“Turn your phones off, please,” says Lloyd Griffith as he takes to the stage. He notices a man in the front row. “Oh, you've got two phones, I see. I used to have two phones. You know what my friends called me?”

The man looks up at him, shrugs his shoulders.



Lloyd Griffith is not a skinny man. Some – himself above all others, it would seem – would say that he is a fat man, and a lot of his routine focuses around that, like the bit about how he fights daily with a near-crippling addiction to kebabs. In fact, almost every other gag from Lloyd as he comperes the Beckett and Griffth night is a crack about his own gut.

Lloyd Griffith
And, well, fair enough

Beckett and Griffith, by the way, is a night that he runs with fellow comedian Rob Beckett, a South Londoner born with a wonderful sense of humour and too many teeth. Every month, comedians are invited into the basement below The Betsy Trotwood, a Farringdon Pub, to try out their untested Edinburgh Festival material on a semi-willing audience. The acoustics aren't bad but the ambience is marred a little by the fact trains seem to be running above our heads, making the 30 seats crammed into the room shake.

It's not all tiny basements and overhead railways, though – both of the boys are established full-time comedians in their own right (Lloyd even has a website, as does Rob), gigging on average four nights a week at a variety of pubs, clubs, and corporate venues. But this isn't as slick as their normal stuff.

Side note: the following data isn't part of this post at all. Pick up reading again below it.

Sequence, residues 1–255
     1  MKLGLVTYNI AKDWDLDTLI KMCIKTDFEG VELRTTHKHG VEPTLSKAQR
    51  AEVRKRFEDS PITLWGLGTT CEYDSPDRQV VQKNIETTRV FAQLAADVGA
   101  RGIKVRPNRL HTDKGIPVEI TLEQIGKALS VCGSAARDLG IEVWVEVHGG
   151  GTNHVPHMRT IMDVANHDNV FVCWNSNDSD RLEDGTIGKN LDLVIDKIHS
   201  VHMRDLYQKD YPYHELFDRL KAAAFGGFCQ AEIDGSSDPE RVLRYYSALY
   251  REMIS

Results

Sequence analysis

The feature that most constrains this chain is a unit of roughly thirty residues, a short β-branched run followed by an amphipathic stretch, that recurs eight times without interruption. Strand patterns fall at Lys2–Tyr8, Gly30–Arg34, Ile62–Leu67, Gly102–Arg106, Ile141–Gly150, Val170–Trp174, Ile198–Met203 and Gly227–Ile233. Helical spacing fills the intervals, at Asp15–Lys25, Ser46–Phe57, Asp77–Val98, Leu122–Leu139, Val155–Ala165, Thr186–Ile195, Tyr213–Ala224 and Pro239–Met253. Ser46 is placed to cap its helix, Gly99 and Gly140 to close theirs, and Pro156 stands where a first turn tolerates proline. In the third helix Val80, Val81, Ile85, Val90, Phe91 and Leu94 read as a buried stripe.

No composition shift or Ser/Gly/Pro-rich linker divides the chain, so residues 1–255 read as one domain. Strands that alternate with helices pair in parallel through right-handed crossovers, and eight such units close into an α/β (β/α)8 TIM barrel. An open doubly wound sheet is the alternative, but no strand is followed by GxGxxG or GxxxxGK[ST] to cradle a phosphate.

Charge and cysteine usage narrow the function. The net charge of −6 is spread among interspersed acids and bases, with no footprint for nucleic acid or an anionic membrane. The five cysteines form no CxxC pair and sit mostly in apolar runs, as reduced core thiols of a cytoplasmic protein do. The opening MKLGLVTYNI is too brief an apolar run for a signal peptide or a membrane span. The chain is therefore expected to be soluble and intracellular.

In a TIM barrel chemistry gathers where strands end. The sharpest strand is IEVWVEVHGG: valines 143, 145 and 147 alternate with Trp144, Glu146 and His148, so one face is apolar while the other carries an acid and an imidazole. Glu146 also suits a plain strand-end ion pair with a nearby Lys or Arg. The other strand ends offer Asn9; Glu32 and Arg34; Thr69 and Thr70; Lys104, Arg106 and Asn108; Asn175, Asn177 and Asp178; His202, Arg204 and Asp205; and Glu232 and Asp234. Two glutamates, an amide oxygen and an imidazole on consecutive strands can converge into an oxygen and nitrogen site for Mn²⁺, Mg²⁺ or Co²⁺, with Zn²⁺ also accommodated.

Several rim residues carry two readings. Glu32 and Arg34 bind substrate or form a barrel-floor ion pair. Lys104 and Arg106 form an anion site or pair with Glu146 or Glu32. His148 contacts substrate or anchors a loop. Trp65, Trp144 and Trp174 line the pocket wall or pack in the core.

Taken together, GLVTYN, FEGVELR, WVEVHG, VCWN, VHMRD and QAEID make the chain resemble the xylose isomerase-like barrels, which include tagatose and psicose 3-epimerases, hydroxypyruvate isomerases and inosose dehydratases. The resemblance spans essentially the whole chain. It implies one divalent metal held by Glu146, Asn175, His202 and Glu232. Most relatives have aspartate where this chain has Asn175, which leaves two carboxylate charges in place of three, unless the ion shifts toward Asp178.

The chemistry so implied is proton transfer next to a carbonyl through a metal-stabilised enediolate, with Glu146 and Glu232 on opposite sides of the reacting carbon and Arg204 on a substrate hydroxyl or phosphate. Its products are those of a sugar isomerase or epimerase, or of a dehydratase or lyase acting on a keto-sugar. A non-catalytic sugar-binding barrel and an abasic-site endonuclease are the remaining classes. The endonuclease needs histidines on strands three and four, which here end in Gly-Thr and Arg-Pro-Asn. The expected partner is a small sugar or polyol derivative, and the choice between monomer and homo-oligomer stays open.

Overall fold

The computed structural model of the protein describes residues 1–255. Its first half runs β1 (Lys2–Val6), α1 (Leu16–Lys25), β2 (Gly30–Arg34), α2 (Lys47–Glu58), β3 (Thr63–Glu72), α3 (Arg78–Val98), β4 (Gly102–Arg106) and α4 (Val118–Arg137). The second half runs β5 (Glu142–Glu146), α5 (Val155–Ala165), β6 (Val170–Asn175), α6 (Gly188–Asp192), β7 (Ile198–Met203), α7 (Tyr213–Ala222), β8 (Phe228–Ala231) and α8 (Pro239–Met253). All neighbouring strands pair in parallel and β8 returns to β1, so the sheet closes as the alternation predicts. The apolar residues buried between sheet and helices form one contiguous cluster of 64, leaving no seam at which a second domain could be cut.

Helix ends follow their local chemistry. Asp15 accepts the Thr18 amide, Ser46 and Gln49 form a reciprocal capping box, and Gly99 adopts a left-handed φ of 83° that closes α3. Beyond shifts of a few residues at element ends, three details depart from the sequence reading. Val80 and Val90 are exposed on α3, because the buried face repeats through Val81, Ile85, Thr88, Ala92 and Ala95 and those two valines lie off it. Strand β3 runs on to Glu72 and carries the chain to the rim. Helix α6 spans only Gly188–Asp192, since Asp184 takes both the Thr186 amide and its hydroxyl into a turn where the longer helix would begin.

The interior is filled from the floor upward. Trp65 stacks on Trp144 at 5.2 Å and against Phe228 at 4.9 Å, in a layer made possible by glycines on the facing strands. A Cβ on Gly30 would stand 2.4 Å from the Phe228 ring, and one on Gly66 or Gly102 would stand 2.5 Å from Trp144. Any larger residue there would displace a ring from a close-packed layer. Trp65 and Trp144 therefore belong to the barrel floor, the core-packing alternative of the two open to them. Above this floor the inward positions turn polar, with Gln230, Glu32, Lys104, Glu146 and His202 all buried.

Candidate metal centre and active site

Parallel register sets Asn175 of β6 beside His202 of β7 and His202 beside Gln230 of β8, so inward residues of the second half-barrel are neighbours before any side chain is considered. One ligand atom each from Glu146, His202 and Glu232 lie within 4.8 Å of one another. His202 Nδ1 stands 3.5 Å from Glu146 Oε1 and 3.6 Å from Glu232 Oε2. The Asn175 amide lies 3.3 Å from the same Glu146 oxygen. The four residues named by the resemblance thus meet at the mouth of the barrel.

“I haven't written everything down,” Lloyd said before the show as we did our best to guide the never-ending banter knocked back and forth between him and Rob into something that might constitute an interview, “I don't like to, in early stages. I just like to talk it out and see what happens, what fits well where. You have to adjust how you're funny, when you're on stage – even if something sounds funny in the pub with your mates, it might not work on stage. And vice versa.”

“I was on stage last week, and I remember thinking – bloody hell, they haven't laughed for 30 seconds. You need to let them know that there's treasure at the end of the rainbow,” he says, talking about a specific - and entirely true - story where he ended up singing God Save The Queen to prove his innocence at Heathrow Airport security. “But if that pot of gold isn't enough for them, you have to give them some little laughs too. Slip them some fivers along the way.”

Rob Beckett
Rob Beckett got thrown out of an art exam by "just tracing round his hand and handing in the paper" 


The pair of them have been doing this sort of thing for years, and they've been friends for nearly three. We ask them if they've had any adventures together in that time.

“Not really,” said Lloyd.
“Lloyd pissed himself at Bestival once,” offered Rob. “He was asleep. We were sharing a tent. Then, later on, the tent blew away cause it was so windy, so we had to sleep in the car instead.”
“I washed the piss off myself first,” interjects Lloyd. “And I threw away the sleeping bag.”


Exciting stuff. A younger-looking man walked into the room, and shook Rob's hand; this is Luke, and it's Luke's first night on stage tonight. Ever. Rob met him in a comedy club a while back and asked him to come down. Immediately, we fucked up by saying we're covering the gig for an article, and the colour drains out of his face. We assured him that no matter what he does, we'll say he did really well.

In hindsight, let's just say he did really well.

Luke's brought along an LP for Rob called Laughing with the Greats, a selection of vintage audio recording of old-fashioned comics. Turns out that Rob collects them in his spare time.